Many autism research groups have neuroimaging research projects, which utilize magnetic resonance imaging for structural, functional, and metabolic imaging, included in their programs. Centers are currently using their own protocols for data acquisition and analysis and many of studies from these groups have yielded inconsistent results. The lack of consistency may result from relatively small sample sizes, differences in subject characteristics, differences in scan acquisition details, differences in fMRI task paradigms, and differences in data analysis techniques.

This meeting provided the opportunity for researchers to discuss possible options for making the most meaningful use of data already collected at various sites and to plan for future studies whereby more consistent methods of data collection and analysis will be adopted by as many sites as possible. Researchers discussed development of the computational infrastructure needed to support data-sharing among various groups, including the possibility of implementing a peer-to-peer neuroimaging network.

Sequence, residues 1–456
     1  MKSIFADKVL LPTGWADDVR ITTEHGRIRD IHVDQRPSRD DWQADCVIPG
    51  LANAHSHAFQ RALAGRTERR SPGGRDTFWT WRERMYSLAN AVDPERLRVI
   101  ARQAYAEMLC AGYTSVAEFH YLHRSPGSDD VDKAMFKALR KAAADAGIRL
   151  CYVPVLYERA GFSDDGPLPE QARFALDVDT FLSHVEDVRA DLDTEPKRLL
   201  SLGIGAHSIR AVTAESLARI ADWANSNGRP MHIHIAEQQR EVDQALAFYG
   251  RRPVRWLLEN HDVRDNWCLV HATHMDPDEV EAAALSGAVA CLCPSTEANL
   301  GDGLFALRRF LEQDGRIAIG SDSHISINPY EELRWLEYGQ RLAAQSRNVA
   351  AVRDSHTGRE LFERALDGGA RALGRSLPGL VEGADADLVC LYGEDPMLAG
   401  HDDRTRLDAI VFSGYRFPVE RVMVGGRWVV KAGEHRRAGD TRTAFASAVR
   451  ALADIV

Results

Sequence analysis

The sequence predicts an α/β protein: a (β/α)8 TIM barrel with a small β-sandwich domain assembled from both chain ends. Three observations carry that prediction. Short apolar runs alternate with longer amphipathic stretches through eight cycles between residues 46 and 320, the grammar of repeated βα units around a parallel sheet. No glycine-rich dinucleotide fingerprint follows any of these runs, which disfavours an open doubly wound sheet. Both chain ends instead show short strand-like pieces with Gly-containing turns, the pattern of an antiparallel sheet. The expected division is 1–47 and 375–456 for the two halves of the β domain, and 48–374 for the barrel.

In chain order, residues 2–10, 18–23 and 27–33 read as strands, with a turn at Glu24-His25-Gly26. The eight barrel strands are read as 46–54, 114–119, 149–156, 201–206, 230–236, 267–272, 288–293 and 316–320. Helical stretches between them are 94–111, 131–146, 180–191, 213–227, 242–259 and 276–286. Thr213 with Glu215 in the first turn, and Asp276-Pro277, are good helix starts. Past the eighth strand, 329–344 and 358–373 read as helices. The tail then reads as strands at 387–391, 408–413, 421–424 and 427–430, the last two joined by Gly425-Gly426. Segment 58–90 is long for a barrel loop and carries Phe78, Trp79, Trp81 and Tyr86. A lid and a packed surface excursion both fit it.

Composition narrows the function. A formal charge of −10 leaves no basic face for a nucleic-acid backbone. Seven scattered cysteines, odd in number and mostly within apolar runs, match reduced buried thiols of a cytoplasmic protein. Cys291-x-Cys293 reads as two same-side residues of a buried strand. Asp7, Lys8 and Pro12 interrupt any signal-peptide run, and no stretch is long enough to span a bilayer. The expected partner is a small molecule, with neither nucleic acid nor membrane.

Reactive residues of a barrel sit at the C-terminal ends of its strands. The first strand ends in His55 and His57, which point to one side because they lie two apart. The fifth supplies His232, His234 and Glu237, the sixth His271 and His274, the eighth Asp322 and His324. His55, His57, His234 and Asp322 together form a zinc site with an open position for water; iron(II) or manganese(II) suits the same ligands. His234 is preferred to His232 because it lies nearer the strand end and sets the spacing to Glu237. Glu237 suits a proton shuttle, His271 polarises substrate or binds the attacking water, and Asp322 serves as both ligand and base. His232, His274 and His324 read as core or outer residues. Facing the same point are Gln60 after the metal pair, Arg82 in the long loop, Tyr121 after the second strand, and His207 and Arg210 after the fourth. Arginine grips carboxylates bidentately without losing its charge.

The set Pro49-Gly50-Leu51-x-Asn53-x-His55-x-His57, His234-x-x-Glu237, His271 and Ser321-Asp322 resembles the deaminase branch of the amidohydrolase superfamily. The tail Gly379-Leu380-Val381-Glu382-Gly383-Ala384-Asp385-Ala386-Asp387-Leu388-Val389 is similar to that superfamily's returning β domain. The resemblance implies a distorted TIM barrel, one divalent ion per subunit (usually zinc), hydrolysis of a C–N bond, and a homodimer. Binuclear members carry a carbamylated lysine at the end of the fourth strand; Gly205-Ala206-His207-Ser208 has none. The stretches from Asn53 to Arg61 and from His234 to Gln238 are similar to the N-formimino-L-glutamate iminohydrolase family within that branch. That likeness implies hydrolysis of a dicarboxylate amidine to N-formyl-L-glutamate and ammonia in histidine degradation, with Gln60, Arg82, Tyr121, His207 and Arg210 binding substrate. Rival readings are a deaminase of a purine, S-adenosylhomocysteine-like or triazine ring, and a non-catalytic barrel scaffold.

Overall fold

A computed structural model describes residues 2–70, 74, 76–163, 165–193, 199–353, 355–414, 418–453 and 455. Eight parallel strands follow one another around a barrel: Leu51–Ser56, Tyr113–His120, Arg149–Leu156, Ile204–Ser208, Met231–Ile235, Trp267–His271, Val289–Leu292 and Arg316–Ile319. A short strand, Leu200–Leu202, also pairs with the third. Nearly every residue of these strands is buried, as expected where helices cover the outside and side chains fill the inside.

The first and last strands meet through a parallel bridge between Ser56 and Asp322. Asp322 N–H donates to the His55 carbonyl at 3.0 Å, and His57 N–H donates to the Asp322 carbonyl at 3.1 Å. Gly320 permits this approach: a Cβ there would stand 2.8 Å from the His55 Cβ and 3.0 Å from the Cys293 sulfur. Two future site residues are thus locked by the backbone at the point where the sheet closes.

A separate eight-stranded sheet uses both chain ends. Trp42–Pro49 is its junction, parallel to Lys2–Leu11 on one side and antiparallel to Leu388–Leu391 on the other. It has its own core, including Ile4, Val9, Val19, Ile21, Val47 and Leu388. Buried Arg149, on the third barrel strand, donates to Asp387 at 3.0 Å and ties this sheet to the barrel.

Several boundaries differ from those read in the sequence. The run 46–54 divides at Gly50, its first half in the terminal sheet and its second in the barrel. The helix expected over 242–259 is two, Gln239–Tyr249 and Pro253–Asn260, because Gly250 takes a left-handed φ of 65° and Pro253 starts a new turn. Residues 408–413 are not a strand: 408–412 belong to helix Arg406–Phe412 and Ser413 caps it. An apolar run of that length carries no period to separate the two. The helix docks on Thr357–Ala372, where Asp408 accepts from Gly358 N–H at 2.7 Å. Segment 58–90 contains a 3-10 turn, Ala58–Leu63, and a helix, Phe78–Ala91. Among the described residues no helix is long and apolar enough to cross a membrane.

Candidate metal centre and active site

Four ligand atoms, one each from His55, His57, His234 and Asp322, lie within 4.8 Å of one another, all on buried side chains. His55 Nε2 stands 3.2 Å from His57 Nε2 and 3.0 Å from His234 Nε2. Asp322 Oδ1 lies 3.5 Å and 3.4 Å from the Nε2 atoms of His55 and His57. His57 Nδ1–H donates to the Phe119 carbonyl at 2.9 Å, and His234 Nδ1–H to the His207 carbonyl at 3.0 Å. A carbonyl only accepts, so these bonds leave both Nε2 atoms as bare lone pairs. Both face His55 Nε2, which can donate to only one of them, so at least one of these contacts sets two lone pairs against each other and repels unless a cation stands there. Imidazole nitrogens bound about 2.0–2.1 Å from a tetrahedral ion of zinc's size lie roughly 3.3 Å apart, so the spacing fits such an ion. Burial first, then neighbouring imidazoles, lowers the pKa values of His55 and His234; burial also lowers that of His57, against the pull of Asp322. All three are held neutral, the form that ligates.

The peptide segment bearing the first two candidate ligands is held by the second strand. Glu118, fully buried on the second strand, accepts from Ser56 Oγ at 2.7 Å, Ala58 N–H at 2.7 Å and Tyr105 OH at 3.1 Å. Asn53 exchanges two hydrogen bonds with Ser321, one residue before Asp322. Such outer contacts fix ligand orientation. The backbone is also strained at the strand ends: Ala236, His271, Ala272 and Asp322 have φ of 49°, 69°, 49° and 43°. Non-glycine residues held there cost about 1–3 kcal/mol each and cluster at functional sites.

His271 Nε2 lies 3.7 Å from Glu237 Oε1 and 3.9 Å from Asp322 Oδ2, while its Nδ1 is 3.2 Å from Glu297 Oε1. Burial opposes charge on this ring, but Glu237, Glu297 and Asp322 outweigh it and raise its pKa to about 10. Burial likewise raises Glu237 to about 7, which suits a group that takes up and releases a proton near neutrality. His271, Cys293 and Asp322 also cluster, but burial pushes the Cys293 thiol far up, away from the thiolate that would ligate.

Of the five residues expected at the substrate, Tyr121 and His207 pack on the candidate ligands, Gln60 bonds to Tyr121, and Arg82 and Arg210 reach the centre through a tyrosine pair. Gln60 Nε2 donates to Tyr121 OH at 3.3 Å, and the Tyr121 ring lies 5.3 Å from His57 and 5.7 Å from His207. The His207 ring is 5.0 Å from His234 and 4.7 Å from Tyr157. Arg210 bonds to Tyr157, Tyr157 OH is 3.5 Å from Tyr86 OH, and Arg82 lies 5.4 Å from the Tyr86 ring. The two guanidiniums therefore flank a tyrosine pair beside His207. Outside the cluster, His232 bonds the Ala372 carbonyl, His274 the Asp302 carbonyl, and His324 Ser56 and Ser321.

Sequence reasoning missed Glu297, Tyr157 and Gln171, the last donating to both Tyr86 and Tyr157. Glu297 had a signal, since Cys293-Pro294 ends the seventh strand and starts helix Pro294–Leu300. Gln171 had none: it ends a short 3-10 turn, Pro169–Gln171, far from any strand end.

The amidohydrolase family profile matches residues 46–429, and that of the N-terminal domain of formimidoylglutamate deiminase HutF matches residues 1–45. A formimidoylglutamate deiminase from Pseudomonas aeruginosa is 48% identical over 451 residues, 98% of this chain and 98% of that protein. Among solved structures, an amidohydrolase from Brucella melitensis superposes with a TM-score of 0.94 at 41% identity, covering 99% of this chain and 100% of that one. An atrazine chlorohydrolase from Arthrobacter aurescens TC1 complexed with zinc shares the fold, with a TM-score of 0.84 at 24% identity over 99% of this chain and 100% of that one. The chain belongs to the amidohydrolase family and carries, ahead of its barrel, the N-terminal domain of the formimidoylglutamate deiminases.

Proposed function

University of Washington Autism Center

Centre for the Study of Learning, Georgetown University , Washington , DC

The 25th Rodin Remediation Academy Conference – “Neural Basis of Skill Acquisition, Reading , and Dyslexia.”